State Department takes Azerbaijan off proposed list of recipient countries for upcoming sale of helicopter equipment
WASHINGTON–In response to Congressional concerns first raised by House Foreign Affairs Committee Ranking Democrat Howard Berman (D-Calif.), the State Department has removed Azerbaijan from a list of countries eligible to purchase U.S. military hardware, which could be used by the Aliyev regime in its ongoing attacks against Armenia and Nagorno-Karabagh, reported the Armenian National Committee of America (ANCA).
“This decision by Secretary Clinton is in the best interests of the Armenian people and for peace in the region,” said Rep. Berman, upon receiving the modified formal notification from the State Department late on June 27.
“We would like to thank Rep. Berman for taking immediate action to block this proposed arms sale, particularly given the Aliyev regime’s recent attacks against Armenia and Nagorno-Karabagh that coincided with Secretary Clinton’s visit to the Caucasus,” said ANCA Government Affairs Director Kate Nahapetian. “Military equipment sales to Azerbaijan only serve to arm and embolden a belligerent Azerbaijani government, whose threats and acts of aggression undermine the Karabagh peace process and stability in the region overall.”
In a May 29 letter to Clinton, Berman referenced announcements of a sale of military hardware that would be used in conjunction with Azerbaijan’s military helicopter fleet for “border surveillance and ‘police-type’ activities.” In addition to possible attacks against Armenia, Berman expressed concern about the “message that such a sale would send to the regional parties, both in terms of perceived U.S. even-handedness and in terms of our seriousness about persuading Baku to cease its bellicose rhetoric and agree to Minsk Group co-chair demands that it remove its snipers from the ‘line of contact’ in the Nagorno-Karabagh region.”
The ANCA expressed its opposition to the sale as part of a seven-point memo sent to Congressional offices and the White House immediately after the June 4-6 Azerbaijani attacks against Armenia and Karabagh that left some 10 soldiers dead. “The Obama Administration should suspend all military aid to Azerbaijan, and stop the sale or transfer to Baku of any military equipment or dual-use items (including the proposed sale of advanced helicopter-based surveillance equipment-DDTC 12-002),” explained Nahapetian in the memo.
Sen. Robert Menendez (D-N.J.) subsequently raised concerns about this proposed military hardware sale during Senate Foreign Relations Committee consideration of the nomination of Richard Morningstar for U.S. ambassador Azerbaijan.
In his questions to Morningstar, Menendez called specific attention to recent cross-border attacks by Azerbaijan against Armenia, threats by President Aliyev that “Armenians will live in fear,” and the assertion that “Our [Azerbaijan’s] main enemies are Armenians of the world.” Menendez continued, asking, “Do you think, based upon those types of statements, that the proposed sales of military hardware to be used in conjunction with Azerbaijan’s military helicopter fleet is really in the national interest of the United States?”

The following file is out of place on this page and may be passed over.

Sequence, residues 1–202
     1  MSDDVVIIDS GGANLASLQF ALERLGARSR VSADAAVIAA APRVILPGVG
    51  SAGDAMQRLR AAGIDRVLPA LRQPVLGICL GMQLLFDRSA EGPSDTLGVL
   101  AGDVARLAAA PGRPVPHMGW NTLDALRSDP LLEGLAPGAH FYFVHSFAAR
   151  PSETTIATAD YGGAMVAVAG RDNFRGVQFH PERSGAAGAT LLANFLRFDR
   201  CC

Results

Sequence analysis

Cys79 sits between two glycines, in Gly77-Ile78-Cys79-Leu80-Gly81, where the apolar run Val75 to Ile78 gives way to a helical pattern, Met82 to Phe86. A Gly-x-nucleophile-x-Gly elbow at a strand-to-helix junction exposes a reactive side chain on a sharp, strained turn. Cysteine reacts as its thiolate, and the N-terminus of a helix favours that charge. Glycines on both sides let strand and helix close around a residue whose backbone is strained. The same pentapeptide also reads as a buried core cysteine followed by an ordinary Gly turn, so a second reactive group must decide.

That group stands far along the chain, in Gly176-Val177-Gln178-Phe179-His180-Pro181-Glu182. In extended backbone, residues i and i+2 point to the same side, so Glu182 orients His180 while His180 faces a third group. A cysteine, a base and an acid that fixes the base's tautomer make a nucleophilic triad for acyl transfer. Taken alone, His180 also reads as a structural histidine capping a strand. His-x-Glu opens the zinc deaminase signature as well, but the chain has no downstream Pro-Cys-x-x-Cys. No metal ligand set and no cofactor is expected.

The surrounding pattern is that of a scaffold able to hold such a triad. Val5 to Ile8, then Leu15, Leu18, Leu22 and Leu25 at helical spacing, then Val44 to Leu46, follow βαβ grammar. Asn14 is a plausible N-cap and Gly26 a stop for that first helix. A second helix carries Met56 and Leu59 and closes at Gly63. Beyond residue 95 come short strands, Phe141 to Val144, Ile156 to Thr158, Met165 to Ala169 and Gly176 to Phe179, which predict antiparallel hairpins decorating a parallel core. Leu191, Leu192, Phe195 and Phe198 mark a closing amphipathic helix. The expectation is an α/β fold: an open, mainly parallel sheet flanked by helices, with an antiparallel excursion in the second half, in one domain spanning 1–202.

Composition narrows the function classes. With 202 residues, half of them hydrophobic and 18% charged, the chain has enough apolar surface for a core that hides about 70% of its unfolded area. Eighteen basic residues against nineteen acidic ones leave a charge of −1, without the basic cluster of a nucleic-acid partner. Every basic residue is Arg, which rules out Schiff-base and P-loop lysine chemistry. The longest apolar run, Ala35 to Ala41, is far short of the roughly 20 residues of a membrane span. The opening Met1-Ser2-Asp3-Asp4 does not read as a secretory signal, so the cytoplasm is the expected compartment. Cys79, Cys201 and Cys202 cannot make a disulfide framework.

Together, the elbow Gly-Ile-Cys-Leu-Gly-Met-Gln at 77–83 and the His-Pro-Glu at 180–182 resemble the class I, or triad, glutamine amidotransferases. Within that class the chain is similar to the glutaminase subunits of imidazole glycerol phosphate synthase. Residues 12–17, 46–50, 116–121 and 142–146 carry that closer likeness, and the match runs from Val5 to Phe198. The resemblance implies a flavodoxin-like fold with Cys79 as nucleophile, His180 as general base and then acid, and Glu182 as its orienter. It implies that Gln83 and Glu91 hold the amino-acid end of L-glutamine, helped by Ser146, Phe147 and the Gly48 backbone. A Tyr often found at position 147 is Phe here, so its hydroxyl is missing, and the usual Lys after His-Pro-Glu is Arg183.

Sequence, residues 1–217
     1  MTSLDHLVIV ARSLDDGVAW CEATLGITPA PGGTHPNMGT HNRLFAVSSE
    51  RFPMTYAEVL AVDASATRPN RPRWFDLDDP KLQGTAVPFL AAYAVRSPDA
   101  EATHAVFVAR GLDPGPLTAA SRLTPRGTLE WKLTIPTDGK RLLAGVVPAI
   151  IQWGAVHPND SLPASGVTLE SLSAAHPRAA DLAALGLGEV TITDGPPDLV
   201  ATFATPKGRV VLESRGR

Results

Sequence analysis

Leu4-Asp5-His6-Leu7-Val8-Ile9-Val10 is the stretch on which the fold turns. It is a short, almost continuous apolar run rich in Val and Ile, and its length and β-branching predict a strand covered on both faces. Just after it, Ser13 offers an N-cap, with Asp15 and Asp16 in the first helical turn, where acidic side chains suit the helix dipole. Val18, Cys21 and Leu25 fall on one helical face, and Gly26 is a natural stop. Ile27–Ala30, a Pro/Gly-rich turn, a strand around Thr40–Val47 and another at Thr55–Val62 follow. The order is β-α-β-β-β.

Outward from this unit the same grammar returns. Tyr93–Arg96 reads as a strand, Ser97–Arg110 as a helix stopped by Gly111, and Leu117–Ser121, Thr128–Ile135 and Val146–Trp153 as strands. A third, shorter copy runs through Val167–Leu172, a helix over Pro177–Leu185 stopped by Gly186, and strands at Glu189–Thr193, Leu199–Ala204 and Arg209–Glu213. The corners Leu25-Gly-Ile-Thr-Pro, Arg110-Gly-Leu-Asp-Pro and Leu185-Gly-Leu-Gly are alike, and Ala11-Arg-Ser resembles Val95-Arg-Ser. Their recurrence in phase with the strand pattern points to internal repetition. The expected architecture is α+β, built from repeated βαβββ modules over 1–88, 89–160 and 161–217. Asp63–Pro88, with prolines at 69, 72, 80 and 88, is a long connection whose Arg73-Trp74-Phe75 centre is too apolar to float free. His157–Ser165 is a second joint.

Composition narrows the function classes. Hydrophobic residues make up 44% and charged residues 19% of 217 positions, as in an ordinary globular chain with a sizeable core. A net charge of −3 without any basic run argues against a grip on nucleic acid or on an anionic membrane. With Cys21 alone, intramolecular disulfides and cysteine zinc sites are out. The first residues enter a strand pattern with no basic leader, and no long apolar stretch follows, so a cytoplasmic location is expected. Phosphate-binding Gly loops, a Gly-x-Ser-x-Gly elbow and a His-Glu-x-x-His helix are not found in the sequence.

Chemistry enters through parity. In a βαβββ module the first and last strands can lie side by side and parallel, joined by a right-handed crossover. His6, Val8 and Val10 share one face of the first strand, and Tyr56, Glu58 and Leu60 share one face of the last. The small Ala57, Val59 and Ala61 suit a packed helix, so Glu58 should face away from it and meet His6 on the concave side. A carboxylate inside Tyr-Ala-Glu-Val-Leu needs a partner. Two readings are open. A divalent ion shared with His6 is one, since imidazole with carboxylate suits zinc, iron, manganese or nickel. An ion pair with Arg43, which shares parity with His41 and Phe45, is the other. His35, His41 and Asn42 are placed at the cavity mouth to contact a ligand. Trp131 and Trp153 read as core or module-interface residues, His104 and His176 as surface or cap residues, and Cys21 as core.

Morningstar argued, in part, that “There are increasing tensions with respect to other neighbors, in particular with Iran. And we have to provide, I think, security assistance, possibly military assistance in ways that cannot be used to exacerbate any situation with respect to Armenia or Nagorno-Karabagh.” Menendez was quick to respond, reminding Morningstar that “I didn’t hear President Aliyev say ‘My main enemy or security concern is Iran,’ he said that, ‘Our main enemies are the Armenians of the world.’ … I have a real problem with going ahead and selling military hardware to the Azerbaijanis based upon what has happened.”
The text of Rep. Berman’s May 29 letter to Secretary Clinton follows.
The Honorable Hillary Rodham Clinton
Secretary of State
U.S. Department of State
2201 C Street NW
Washington, DC 20520
Dear Secretary Clinton:
I am writing to express my concern over a proposal by the Department of State to allow the sale of military equipment to Azerbaijan. This proposal is included in case “DDTC 12-002.”
Two months ago, my staff inquired as to the possible use of this equipment by Azerbaijan. Just last week, they were informed that it would be used on existing helicopters to aid in border surveillance and “police-type” activities.
As Azerbaijan shares a border with Armenia, this equipment could be used to identify and possibly target Armenians in the border area for surveillance or for attack. I am also concerned about the message that such a sale would send to the regional parties, both in terms of perceived U.S. even-handedness and in terms of our seriousness about persuading Baku to cease its bellicose rhetoric and agree to Minsk Group co-chair demands that it remove its snipers from the “line of contact” in the Nagorno-Karabagh region.
I therefore urge you to alter the proposal and prevent this military equipment from being sold to Azerbaijan.
Howard L Berman